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Scott Stirrett is founder and CEO of Venture for Canada. Parm Gill is managing partner of the Gill Group and chair of Venture for Canada.

Almost all Canadians know a recent university or college grad who is struggling to find employment, be it a relative, friend or neighbour. Given that, as of January, the Canadian youth unemployment rate is 11.2 per cent, nearly double the national average, there are hundreds of thousands of young Canadians who face such challenges.

As the youth unemployment rate remains stubbornly high, Canadians have paradoxically become the most educated people on earth with 56.7 per cent of 25- to 64-year-olds completing postsecondary education. For most Canadians, attending university or college is an investment that will reap long-term dividends, with bachelor’s degree holders making on average an additional $25,000 per year compared to high school graduates.

Yet, even with these labour market outcomes, there is increasing feedback from employers that graduates are lacking the skills that they need. For instance, a 2015 study from McKinsey & Company found that, whereas 83 per cent of educators feel youth are prepared for work, only 34 per cent of employers and 44 per cent of youth agree.

In order to develop a globally competitive workforce that meets the needs of Canadian employers, postsecondary institutions (PSIs) need to make their graduates’ employment outcomes a top institutional priority, implement enhanced career readiness support and collaborate with employers to develop relevant work-ready skills in students.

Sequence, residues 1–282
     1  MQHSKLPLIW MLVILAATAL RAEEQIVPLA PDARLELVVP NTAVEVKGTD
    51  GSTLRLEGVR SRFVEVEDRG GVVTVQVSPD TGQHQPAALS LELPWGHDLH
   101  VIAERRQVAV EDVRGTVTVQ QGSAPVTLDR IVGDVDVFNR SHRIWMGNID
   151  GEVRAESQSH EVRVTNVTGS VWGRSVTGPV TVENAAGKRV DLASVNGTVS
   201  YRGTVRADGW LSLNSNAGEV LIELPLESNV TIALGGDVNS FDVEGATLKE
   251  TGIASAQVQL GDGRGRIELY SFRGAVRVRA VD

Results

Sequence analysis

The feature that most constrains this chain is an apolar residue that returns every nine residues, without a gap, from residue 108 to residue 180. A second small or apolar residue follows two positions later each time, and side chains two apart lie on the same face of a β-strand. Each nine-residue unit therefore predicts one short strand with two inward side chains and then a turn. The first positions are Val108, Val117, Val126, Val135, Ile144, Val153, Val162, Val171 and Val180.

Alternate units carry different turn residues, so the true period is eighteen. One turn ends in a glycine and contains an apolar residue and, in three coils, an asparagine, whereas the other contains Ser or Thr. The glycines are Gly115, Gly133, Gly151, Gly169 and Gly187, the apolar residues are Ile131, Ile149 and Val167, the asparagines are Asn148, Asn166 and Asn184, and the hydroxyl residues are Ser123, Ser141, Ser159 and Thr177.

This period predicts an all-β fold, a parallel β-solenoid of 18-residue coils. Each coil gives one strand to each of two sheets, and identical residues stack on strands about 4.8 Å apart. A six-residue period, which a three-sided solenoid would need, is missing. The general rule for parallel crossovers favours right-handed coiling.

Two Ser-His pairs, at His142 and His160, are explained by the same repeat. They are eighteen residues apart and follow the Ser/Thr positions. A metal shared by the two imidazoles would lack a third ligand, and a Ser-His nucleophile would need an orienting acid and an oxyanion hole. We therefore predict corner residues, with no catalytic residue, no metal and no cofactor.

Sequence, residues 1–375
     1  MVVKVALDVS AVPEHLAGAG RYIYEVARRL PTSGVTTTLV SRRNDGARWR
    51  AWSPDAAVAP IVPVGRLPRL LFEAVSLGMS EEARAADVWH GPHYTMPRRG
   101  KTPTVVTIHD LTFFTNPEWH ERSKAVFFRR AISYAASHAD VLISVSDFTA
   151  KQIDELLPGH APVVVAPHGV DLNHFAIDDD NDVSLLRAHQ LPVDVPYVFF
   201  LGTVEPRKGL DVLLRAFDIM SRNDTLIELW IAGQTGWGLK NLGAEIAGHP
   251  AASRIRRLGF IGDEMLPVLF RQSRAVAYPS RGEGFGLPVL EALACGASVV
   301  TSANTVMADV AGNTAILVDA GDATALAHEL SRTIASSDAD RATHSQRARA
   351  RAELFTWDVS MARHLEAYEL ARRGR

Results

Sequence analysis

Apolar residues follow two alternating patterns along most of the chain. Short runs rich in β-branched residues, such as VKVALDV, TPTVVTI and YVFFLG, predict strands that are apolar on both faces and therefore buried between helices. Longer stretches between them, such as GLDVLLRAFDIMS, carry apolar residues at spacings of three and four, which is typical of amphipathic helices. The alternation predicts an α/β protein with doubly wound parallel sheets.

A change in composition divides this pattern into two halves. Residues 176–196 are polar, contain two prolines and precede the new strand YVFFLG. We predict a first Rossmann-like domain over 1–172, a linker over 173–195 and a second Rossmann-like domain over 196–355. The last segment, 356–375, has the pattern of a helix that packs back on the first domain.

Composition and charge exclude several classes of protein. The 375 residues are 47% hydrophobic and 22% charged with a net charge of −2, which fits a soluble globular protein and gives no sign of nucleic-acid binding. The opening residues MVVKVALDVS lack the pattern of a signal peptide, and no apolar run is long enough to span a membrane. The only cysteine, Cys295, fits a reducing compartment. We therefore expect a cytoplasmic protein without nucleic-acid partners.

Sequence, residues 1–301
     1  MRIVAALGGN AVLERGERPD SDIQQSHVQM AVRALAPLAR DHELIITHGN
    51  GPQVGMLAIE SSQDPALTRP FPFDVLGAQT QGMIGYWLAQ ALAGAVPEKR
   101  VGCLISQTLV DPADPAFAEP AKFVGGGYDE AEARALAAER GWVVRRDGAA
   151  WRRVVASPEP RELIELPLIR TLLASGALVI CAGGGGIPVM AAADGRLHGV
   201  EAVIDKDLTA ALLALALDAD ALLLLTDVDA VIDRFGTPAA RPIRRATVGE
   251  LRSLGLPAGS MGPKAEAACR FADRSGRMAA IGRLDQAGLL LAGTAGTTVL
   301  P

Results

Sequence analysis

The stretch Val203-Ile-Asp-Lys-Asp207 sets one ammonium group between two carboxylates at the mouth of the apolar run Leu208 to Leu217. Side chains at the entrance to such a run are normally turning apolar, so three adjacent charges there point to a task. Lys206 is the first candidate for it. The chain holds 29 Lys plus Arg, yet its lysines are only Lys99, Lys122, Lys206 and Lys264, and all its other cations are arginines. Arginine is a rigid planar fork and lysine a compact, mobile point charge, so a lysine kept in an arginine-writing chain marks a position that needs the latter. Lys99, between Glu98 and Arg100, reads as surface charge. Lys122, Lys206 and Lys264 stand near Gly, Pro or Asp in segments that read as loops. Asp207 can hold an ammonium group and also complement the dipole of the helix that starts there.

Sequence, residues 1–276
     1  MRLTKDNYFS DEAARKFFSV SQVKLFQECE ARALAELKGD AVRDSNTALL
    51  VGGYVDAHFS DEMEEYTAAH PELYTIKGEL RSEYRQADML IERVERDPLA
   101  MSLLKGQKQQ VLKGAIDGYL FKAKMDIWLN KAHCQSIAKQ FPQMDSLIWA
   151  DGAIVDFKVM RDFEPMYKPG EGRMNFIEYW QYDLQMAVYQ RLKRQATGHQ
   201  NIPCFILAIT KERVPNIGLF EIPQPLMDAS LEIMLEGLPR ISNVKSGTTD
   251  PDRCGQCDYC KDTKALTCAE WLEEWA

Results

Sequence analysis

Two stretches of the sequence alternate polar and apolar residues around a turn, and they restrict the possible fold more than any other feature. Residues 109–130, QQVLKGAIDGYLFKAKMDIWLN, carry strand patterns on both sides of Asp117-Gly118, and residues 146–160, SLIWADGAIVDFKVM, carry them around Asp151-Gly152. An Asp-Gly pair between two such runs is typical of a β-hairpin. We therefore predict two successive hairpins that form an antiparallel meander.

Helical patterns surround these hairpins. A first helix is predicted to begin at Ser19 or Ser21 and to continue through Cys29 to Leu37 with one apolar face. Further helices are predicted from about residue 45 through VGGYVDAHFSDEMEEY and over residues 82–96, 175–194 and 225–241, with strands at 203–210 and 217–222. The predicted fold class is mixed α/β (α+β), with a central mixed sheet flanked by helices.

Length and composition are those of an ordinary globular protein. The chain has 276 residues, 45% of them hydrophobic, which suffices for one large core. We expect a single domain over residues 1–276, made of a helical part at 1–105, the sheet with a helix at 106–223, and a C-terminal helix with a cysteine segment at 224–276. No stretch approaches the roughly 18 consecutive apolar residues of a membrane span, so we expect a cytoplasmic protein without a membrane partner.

Prioritizing Employment Outcomes

The aforementioned study from McKinsey identified “Canadian educators do not view helping their students prepare for, and find, job placements as one of their top priorities. When asked to rank their most important priorities, Canadian universities rate helping students and graduates find employment eighth out of 10 [priorities]. Canadian colleges and other postsecondary institutions rate it fifth out of the 10.”

To better prepare youth for a changing economy, PSIs need to make the employment outcomes of their graduates as one of their most important institutional priorities.

Catalyzing Graduates’ Careers

There is increasing debate on whether the role of PSIs is to prepare graduates for their fifth job or their first job. The reality is that postsecondary institutions can realistically do both. An English major can both learn Margaret Atwood as well as gain interview skills and knowledge of relevant career pathways.

A recent Conference Board report on social-sciences and humanities students states: “easing career transitions for undergraduate degree holders should not mean emphasizing applied or technical skills at the expense of what is traditionally taught in these disciplines. Rather, it means increasing students’ awareness of possible career paths and giving them the ability to translate and market their newly developed skills to employers.” The report recommends PSIs collect and distribute information on career pathways and transitions to students, offer enhanced career-development programming and strengthen links between students and alumni.